Fluoroscopic examination was quite helpful for making an accurate diagnosis, selecting a proper treatment, including indication for surgery, and judging a prognosis in each cases. Characteristic fluoroscopic findings in the forestomach diseases were impaction and bloat of the rumen, atony, slow and weak contraction and foreign bodies in the reticulum, atony of the abomasum, and functional disorders of the colon. In 80% of the cows with these diseases, the reticulum had sharp foreign bodies. As the tips of these bodies touched the mucosae of the reticulum, reticular contraction became unclear or less marked. These bodies might act as triggers for functional disorders of the reticulum and other parts of the forestomach, finally causing reticular and abomasal atony. In 92% of the cows with abomasal displacement, the reticulum had sharp foreign bodies and showed the same movements as described above. These findings suggested that abomasal displacement might have some relations with such functional disorders in the fbrestomach as caused by traumatic reticulitis.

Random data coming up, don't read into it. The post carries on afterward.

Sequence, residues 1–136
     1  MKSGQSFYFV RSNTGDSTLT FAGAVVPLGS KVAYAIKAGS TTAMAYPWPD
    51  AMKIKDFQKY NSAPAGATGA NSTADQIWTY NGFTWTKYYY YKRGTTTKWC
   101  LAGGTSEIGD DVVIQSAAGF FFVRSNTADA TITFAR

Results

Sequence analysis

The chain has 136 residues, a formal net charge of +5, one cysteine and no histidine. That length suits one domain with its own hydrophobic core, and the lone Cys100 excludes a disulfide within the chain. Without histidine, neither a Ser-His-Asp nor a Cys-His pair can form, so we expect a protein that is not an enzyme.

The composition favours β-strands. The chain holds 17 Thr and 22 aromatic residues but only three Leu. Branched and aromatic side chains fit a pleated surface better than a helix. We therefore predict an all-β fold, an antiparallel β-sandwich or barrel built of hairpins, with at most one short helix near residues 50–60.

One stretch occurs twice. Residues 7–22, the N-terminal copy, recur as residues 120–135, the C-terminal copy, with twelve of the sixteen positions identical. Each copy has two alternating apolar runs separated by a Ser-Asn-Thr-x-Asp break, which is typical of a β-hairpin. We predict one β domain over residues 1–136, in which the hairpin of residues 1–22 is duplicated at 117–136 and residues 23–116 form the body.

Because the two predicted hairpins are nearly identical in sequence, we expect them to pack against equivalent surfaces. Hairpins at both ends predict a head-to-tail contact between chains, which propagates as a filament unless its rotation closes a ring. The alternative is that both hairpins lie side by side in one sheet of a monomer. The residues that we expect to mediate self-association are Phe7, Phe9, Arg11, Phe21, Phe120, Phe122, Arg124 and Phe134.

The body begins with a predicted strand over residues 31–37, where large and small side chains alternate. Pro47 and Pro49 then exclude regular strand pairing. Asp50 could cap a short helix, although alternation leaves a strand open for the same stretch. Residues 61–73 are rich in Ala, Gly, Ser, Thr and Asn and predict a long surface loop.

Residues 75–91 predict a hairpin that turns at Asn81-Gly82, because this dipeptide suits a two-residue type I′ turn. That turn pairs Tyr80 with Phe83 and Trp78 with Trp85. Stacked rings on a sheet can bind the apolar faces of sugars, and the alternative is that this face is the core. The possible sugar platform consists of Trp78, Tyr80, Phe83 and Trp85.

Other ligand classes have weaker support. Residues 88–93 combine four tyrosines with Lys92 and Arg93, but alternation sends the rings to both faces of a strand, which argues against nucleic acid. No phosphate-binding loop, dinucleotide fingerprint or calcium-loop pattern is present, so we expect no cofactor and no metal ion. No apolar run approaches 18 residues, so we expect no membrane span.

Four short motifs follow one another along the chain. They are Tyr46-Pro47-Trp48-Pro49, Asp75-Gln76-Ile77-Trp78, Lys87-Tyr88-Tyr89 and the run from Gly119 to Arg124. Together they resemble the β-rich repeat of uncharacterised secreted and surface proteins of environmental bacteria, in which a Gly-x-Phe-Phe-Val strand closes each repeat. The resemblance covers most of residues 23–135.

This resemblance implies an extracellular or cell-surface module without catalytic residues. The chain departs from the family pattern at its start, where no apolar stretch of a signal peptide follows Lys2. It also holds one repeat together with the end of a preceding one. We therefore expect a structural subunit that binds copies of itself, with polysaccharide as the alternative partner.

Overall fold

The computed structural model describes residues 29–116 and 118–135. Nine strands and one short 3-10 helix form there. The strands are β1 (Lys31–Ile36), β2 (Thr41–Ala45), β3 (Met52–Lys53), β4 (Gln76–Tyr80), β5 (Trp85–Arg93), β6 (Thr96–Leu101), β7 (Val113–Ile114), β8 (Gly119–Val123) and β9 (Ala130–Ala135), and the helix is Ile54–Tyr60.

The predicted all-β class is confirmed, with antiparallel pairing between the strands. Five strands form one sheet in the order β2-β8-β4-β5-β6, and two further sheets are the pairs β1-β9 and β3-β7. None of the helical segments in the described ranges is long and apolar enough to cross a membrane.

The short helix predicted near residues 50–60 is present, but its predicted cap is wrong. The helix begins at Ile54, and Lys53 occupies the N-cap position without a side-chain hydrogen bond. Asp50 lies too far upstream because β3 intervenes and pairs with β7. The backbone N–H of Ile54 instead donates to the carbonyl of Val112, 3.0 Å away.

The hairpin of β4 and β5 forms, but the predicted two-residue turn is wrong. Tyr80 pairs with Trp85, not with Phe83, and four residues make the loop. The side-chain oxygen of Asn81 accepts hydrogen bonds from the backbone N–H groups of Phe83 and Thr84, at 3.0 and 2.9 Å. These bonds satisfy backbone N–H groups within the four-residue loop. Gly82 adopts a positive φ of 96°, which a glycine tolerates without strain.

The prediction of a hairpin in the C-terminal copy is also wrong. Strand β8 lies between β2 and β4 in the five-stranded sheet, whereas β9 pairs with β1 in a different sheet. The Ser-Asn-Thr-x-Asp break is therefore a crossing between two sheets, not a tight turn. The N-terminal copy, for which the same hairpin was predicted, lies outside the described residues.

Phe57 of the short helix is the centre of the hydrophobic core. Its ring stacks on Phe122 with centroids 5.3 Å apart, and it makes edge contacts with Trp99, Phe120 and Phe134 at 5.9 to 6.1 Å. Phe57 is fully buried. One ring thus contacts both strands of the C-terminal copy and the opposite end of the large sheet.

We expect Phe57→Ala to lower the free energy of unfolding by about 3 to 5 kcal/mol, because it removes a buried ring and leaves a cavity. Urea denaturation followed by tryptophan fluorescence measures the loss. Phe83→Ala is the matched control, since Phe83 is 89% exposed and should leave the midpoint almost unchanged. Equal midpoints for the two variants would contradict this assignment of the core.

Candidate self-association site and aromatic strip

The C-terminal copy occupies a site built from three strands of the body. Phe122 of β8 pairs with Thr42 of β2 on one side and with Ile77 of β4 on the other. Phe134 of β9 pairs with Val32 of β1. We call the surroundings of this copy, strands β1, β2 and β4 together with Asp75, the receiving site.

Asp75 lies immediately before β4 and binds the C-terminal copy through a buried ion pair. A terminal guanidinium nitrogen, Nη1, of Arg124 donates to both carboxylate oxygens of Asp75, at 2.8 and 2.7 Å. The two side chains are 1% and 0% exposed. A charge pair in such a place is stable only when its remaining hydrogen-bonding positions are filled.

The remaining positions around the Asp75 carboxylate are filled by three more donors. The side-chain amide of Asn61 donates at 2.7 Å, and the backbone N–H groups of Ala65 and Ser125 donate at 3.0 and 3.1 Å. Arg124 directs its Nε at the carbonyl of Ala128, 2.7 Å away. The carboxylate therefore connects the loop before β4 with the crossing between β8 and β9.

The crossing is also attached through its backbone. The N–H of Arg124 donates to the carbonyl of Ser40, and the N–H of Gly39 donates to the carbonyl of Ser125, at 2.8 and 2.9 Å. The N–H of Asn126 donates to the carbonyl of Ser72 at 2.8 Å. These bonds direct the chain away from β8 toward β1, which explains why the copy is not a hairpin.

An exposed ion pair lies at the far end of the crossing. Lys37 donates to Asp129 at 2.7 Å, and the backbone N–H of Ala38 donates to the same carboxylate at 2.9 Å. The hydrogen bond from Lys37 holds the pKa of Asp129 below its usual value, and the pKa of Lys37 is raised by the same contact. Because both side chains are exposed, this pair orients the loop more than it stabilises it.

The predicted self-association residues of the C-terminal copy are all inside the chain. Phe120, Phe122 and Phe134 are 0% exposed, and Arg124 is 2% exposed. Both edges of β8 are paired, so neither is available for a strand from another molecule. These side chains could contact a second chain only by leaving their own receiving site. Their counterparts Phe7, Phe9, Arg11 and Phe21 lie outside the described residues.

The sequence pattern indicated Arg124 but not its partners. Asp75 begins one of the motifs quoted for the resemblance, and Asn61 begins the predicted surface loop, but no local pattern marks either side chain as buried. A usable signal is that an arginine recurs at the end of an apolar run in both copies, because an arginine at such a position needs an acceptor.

The mechanism of erosion of frog epidermis in equine thrush was examined morphologically by means of scanning electron microscopy. Erosion first occurred to the tissue of the intertubular horns, and subsequently involved the decomposition of the horn tubes. Through this successive process, erosion extended to the neighboring intact epidermis and resulted in the formation of ulcerative lesions. Various types of bacteria showing rod-like, spherical, and staphylococcal forms were found solitarily or in clusters on the surface of the lesion. They seemed to dissolve actively the cornified epidermis around them. This morphological observation on the frog epidermis suggested strongly that in equine thrush microbial factors might play a considerable role in the onset and expansion of the disorder.